What follows is an answer I recently gave to someone asking what the Christian tradition believes concerning the body and gender identity.
The human body is centrally important to the Christian faith. Orthodox Christian theology regards the human person as a psychosomatic (integrated soul-body) unity, according to God’s design in both creation and salvation. The importance of the body can be seen clearly in the Bible, which has binding authority for Christian belief and practice. It is also clearly reflected in Christianity’s major creeds and theological texts. This can be seen in the Apostles’ Creed and the Nicene Creed, which are theological summaries of the Bible’s central teaching, and whose doctrines are accepted by every Christian tradition.
The Creeds reflect the Bible’s affirmation of the original goodness of creation as the good craftsmanship of a good God (Genesis 1). This includes the embodied reality of humanity, made in God’s image as male and female (Genesis 1:26-27). This understanding of humans as sexually dimorphic (as a species, male and female, and as individuals male or female) image-bearers of God is at the heart of historic Christian anthropology.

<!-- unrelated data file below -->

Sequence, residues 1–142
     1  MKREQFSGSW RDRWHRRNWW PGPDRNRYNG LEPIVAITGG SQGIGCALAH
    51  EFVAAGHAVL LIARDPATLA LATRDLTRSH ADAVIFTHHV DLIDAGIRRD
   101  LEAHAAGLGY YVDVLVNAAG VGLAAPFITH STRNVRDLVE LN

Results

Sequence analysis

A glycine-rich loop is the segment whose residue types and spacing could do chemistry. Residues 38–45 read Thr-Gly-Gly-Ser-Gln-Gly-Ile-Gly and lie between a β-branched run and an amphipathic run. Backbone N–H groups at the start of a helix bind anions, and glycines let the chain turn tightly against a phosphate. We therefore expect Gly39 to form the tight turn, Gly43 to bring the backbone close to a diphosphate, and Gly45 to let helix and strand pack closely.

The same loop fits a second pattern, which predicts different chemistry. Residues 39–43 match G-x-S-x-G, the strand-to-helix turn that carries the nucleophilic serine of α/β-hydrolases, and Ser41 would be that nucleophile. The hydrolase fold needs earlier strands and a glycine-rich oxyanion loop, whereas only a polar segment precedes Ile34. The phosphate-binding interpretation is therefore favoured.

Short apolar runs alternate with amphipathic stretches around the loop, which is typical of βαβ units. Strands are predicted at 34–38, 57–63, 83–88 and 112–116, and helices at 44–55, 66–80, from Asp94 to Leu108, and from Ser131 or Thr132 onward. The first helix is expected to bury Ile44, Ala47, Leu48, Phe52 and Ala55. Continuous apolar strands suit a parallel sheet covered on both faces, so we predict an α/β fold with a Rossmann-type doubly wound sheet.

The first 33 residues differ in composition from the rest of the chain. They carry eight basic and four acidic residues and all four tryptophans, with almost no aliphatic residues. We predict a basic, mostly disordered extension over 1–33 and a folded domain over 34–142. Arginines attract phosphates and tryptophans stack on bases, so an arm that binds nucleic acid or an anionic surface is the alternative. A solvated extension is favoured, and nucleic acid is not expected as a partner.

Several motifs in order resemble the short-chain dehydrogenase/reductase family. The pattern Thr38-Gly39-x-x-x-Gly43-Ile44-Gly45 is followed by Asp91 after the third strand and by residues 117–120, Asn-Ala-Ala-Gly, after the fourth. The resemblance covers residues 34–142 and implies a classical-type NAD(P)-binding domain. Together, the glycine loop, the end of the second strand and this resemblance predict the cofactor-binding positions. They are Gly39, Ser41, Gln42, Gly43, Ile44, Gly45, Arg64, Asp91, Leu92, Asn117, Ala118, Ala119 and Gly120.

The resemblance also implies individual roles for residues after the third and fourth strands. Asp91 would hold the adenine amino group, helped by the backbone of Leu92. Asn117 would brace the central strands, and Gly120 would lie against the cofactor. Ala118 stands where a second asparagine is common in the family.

Following reference to creation, the Creeds then focus attention on the central realities of the Christian gospel: First, Christ’s taking on of human flesh in the incarnation, in which human nature (body and soul) is dignified in its personal union with God’s Son. Then, Christ’s sufferings in human flesh under Pontius Pilate, his death by crucifixion, his burial, and his bodily resurrection from the dead on the third day. Significantly, the Gospels emphasize that Christ’s tomb was empty, and that Christ therefore rose with the same body he had before he died, a body that still bore the marks of the nails with which he was crucified, and the spear with which his side was pierced. Thirdly, both the Bible and the Creeds treat Christ’s resurrection as the certain promise of the bodily resurrection of all people for judgement, and Christian believers for embodied eternal life.
These beliefs lie at the core of the Christian faith. In the words of the Apostles’ Creed: “I believe in God, the Father Almighty, maker of heaven and earth, I believe in Jesus Christ his only Son our Lord, who was conceived by the Holy Spirit, born of the Virgin Mary, suffered under Pontius Pilate, was crucified, died and was buried…on the third day he rose again…I believe in…the forgiveness of sins, the resurrection of the body and the life of the world to come.”